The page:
The recognition of Flower Worlds is one of the most significant breakthroughs in the study of Indigenous spirituality in the Americas. These worlds are solar and floral spiritual domains that are widely shared among both pre-Hispanic and contemporary Native cultures in Mesoamerica and the American Southwest. Flower Worldsis the first volume to bring together a diverse range of scholars to create a truly multidisciplinary understanding of Flower Worlds. During the last thirty years, archaeologists, art historians, ethnologists, Indigenous scholars, and linguists have emphasized the antiquity and geographical extent of similar Flower World beliefs among ethnic and linguistic groups in the New World.
Flower Worlds are not simply ethereal, otherworldly domains, but rather they are embodied in lived experience, activated, invoked, and materialized through ritual practices, expressed in verbal and visual metaphors, and embedded in the use of material objects and ritual spaces. This comprehensive book illuminates the origins of Flower Worlds as a key aspect of religions and histories among societies in Mesoamerica and the American Southwest. It also explores the role of Flower Worlds in shaping ritual economies, politics, and cross-cultural interaction among Indigenous peoples.
Flower Worlds reaches into multisensory realms that extend back at least 2,500 years, offering many different disciplines, perspectives, and collaborations to understand these domains. Today, Flower Worlds are expressed in everyday work and lived experiences, embedded in sacred geographies, and ritually practiced both individually and in communities. This volume stresses the importance of contemporary perspectives and experiences by opening with living traditions before delving into the historical trajectories of Flower Worlds, creating a book that melds scientific and humanistic research and emphasizes Indigenous voices.
Contributors: Oswaldo Chinchilla Mazariegos, James M. Córdova, Davide Domenici, Ángel González López, Kelley Hays-Gilpin, Michael D. Mathiowetz, Cameron L. McNeil, Felipe S. Molina, Johannes Neurath, John M. D. Pohl, Alan R. Sandstrom, David Delgado Shorter, Karl A. Taube, Andrew D. Turner, Lorena Vázquez Vallín, Dorothy Washburn
About the Author
Michael D. Mathiowetz is a lecturer at University of California, Riverside. His research is focused on the archaeology, ethnohistory, and ethnology of Indigenous societies in the southwestern United States and northwestern Mexico, including the art, religion/ritual, and nature of pre-Hispanic interregional interaction.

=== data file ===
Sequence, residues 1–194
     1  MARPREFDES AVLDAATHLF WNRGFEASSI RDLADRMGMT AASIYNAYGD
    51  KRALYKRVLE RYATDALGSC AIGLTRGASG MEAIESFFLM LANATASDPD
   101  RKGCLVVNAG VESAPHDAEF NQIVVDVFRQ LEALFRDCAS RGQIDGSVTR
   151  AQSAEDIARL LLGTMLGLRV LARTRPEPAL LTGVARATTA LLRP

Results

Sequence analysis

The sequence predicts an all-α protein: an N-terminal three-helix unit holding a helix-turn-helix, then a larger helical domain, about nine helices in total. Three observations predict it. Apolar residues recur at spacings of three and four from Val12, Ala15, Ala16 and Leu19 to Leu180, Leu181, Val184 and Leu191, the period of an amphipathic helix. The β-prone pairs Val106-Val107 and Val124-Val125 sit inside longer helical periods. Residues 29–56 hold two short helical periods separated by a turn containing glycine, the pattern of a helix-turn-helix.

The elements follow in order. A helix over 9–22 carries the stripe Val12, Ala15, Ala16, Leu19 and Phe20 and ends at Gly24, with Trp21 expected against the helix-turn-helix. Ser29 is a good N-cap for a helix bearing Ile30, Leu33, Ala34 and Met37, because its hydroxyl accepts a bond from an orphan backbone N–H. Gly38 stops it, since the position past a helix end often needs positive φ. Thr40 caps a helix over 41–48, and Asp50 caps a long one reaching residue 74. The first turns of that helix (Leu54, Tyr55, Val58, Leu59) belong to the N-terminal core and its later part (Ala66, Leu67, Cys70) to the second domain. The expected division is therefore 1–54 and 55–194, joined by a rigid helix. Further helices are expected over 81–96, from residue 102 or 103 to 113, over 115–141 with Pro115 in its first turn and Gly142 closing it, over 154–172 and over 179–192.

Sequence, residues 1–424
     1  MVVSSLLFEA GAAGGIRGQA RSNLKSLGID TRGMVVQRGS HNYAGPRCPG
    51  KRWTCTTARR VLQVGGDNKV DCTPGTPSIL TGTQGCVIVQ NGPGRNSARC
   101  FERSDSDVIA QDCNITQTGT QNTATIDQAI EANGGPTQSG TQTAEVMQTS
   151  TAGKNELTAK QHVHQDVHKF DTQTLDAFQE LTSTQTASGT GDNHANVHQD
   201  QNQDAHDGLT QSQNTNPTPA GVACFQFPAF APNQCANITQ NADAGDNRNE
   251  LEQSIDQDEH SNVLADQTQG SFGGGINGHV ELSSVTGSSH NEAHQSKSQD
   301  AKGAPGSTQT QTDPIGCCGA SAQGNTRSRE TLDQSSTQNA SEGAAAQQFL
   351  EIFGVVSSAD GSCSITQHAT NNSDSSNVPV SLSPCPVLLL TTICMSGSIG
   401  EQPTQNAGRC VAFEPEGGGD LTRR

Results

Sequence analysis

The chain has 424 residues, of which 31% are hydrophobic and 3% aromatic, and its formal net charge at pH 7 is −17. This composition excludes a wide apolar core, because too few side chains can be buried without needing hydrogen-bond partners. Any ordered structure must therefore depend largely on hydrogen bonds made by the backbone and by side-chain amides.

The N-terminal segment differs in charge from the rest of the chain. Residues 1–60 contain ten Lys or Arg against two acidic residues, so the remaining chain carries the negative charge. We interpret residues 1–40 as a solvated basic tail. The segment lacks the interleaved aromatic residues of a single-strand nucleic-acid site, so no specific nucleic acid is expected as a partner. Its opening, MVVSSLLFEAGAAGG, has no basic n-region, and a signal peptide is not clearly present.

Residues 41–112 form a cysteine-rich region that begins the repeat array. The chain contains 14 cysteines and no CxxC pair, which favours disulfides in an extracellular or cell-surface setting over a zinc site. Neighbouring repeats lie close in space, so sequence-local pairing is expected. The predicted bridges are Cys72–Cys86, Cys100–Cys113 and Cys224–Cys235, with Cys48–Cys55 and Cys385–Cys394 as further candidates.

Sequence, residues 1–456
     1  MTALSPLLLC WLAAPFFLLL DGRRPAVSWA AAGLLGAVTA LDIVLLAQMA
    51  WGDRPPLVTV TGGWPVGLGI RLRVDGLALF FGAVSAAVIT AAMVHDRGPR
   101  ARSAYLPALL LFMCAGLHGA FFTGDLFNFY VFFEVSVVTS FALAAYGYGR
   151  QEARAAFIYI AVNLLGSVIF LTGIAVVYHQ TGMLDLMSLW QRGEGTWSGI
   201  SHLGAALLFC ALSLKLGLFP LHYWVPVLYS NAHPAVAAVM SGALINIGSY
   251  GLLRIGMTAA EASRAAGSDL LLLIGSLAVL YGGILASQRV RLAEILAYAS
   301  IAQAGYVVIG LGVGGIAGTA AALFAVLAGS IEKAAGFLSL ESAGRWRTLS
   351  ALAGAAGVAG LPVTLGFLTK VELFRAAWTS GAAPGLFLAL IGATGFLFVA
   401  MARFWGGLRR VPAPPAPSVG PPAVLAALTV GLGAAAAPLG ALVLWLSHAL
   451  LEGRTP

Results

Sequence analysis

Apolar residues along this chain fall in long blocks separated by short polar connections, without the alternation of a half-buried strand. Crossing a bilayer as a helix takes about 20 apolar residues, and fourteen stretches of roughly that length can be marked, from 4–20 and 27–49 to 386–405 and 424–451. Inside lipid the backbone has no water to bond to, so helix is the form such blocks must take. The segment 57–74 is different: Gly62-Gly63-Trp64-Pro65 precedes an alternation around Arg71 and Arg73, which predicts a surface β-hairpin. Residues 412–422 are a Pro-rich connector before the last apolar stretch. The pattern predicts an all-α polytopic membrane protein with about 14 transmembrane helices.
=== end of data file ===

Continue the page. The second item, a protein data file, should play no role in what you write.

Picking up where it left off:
Andrew D. Turner is a senior research specialist at the Getty Research Institute. His research focuses primarily on art, identity, and cross-cultural interaction in ancient Central Mexico.
"The authors are coming at Flower World concepts from different directions and perspectives, and these different ideas and perspectives speak together in a way that helps further the conversation. This volume is not about concluding ideas but about continuing the conversation. I was impressed by the multitude of strong voices—both past and present—representing elements of the Flower World. This volume will be of lasting importance in the cross-cultural study of Flower Worlds.”—John G. Douglass, co-editor of The Global Spanish Empire: Five Hundred Years of Place Making and Pluralism
“The editors have succeeded in assembling a diverse lineup of scholars who address the underlying Flower Worlds of Mesoamerica and the American Southwest from the perspectives of ethnography, ethnohistory, archaeology, literature, and art history. This volume is a valuable contribution that breaks the false boundaries between those regions and will drive home the need for more study of the arts in precolonial contexts.”—Christopher S. Beekman, co-editor of Shaft Tombs and Figures in West Mexican Society: A Reassessment